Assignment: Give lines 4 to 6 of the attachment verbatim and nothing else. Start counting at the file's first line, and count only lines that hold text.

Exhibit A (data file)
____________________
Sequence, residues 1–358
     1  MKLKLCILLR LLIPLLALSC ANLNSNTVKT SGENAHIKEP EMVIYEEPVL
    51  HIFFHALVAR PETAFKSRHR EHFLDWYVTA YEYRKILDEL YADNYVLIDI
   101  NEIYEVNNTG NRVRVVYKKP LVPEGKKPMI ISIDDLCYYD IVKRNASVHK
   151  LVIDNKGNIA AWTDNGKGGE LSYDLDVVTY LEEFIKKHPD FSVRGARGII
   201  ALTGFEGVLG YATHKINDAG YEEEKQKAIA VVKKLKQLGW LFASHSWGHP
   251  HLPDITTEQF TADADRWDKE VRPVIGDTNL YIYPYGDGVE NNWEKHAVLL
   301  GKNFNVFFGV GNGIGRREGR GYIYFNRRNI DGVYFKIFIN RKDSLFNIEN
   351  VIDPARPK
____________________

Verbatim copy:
   101  NEIYEVNNTG NRVRVVYKKP LVPEGKKPMI ISIDDLCYYD IVKRNASVHK
   151  LVIDNKGNIA AWTDNGKGGE LSYDLDVVTY LEEFIKKHPD FSVRGARGII
   201  ALTGFEGVLG YATHKINDAG YEEEKQKAIA VVKKLKQLGW LFASHSWGHP